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How the County Supervisor District 4 Election Is Shaping Up

Spectrum Magazine Publisher Steve Penna will be sharing his views and opinions of the June 2012 County Supervisor race every month.

 

Let’s take a look at the June 2012 election and the District 4 San Mateo County supervisor race. Supervisor Rose Jacobs Gibson will term out and the seat will be up for grabs. So far there are four candidates who will be running, and although none of them is considered a leader of the pack or a slam dunk. Each has qualities that will attract support and ultimately votes. Let’s take a look at the election and those candidates.

First there is Memo Morantes, who is an elected official on the San Mateo County Board of Education. He has been running his campaign for the longest amount of time and has gained the support of San Mateo County Sheriff Greg Munks, Trustee Maria Diaz-Slocum, current and former Trustees Olivia Martinez and Lorraine Rumley, as well as several San Mateo County elected officials and an impressive group of elected officials from East Palo Alto. Morantes has set up a website at (www.memomorantes.com.)

Morantes has been quoted as stating, “It’s one of the few times we have an open seat without having someone, as we say in Mexico, fingered by the establishment,” he said. “It will probably be a good race in terms of diversity of candidates.”

This leads me to a very important point. San Mateo County’s charter requires elections be held countywide rather than by district. This means that supervisors are elected “at large” from throughout the county but each supervisor represents a particular district. District 4 encompasses parts of Redwood City, unincorporated Redwood City, East Palo Alto and Menlo Park.

A on behalf of six residents and a civil rights group sued the county, claiming the method is inequitable to minorities and violates the California Voting Rights Act. Although Latinos and Asians each comprise approximately 25 percent of the county’s population, only one Latino has held a seat since 1995 and no Asians, the group argued.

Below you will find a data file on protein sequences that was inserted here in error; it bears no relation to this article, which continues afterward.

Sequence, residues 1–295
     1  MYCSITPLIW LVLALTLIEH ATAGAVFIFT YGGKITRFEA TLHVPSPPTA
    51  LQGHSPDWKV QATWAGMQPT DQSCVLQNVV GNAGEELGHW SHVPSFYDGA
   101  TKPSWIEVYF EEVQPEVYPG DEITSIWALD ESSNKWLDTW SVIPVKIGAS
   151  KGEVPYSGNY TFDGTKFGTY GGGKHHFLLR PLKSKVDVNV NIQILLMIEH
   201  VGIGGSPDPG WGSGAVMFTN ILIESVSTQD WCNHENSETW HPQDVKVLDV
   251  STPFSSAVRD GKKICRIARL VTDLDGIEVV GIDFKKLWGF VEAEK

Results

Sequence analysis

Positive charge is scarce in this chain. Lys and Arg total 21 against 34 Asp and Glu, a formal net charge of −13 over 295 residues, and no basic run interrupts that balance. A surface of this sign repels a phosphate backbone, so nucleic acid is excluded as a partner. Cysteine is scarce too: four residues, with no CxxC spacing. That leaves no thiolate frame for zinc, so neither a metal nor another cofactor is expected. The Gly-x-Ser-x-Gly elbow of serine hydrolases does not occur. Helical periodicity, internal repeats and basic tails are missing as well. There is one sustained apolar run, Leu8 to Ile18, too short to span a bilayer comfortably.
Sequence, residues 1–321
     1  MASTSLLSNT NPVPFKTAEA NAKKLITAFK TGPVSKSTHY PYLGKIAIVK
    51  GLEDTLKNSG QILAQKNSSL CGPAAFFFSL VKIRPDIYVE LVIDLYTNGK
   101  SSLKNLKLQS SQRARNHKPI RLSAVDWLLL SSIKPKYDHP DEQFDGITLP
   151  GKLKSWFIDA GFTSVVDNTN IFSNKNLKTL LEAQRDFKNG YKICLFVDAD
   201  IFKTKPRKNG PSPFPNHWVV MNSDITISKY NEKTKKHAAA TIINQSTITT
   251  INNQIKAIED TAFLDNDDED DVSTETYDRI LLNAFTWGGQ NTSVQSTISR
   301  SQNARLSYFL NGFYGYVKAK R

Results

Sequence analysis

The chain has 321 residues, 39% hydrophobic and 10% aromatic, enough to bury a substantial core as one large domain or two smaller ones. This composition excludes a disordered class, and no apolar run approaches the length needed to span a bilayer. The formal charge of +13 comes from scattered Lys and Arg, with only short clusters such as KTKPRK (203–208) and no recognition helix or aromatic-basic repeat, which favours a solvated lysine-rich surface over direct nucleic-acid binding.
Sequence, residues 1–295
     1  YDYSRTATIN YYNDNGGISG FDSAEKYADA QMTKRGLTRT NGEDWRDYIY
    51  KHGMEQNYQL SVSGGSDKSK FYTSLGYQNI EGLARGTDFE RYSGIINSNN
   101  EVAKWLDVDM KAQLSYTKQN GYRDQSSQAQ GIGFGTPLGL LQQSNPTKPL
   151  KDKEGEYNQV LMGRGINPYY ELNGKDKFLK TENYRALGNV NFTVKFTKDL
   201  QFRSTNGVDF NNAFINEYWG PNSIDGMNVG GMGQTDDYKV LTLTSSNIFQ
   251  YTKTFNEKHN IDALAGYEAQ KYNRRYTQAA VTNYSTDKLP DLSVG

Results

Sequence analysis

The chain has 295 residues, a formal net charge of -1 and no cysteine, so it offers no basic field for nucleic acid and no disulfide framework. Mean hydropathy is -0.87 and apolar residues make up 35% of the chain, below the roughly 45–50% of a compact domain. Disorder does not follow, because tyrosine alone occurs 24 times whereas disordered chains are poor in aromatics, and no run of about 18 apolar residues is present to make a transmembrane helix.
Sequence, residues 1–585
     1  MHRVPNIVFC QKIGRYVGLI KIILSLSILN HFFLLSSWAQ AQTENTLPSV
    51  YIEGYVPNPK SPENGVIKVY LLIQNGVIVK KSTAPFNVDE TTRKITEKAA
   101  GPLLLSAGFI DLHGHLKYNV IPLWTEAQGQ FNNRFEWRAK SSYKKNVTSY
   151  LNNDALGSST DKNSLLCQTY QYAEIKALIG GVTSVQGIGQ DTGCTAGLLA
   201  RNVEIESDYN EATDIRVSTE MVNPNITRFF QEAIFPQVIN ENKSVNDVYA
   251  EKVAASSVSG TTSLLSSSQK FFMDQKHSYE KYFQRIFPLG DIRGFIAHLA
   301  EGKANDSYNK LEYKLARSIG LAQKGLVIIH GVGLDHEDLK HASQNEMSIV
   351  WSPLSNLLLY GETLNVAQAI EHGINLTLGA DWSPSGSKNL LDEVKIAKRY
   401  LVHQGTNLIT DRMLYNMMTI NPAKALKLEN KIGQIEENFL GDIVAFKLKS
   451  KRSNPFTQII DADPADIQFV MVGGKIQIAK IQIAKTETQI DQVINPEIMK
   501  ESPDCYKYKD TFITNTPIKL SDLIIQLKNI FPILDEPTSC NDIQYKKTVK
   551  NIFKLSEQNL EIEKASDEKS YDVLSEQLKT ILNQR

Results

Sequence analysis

It must be pointed out that county voters have affirmed countywide voting in 1932, 1978 and 1980. So it is a process we like. I have to agree with that. If a supervisor is going to be making decisions on issues throughout the county, then they need to be held accountable to all voters instead of just in their district. Make sense? This election will prove to support the “at large” method as candidates are diverse and want to be held accountable to all voters within the County.

Last year Dave Pine but would have lost to Millbrae Councilwoman Gina Papan by 310 votes if the election had been held within that district’s boundaries and not countywide. Papan was favored and the choice of the district’s voters, but Pine is now representing by “at large” voter approval. It did not hurt that he spent more than a half-million of his own money campaigning. By comparison, Papan’s campaign collected nearly $170,000.

Which leads us to Shelly Masur. Less than a month after to the Redwood City School Board, Masur announced at a birthday party thrown for her at the home of Councilman John Seybert that for the seat. Most of the usual status quo of Redwood City was there, except for what I would classify as the most influential and powerful. Masur has also set up a website (www.shellymasur.com) for our viewing.

I have my opinion about politicians who seat-climb at the detriment of the residents they represent, and that opinion is not a positive one. I personally like Masur, so I am giving her the benefit of the doubt right now and want to see how she handles the potential campaign issue. It will also be interesting to see if any of the candidates make an issue of it.

I see these candidates during their campaigns and the time commitment it takes to get elected to a county seat, and I don’t see how she can effectively fulfill her duties to the kids in our community while campaigning. But if she feels she can pull it off (a full-time job, board seat and running for a county office), more power to her. I just wonder how one can justify the expenditure of over a million dollars for a special election should she win in June and her seat has to be filled by someone else.

That is, unless the board has already planned that out and will bypass voter approval and appoint one of their own to fill the three-plus remaining years of her term. Which most likely is the case; that is how is works here.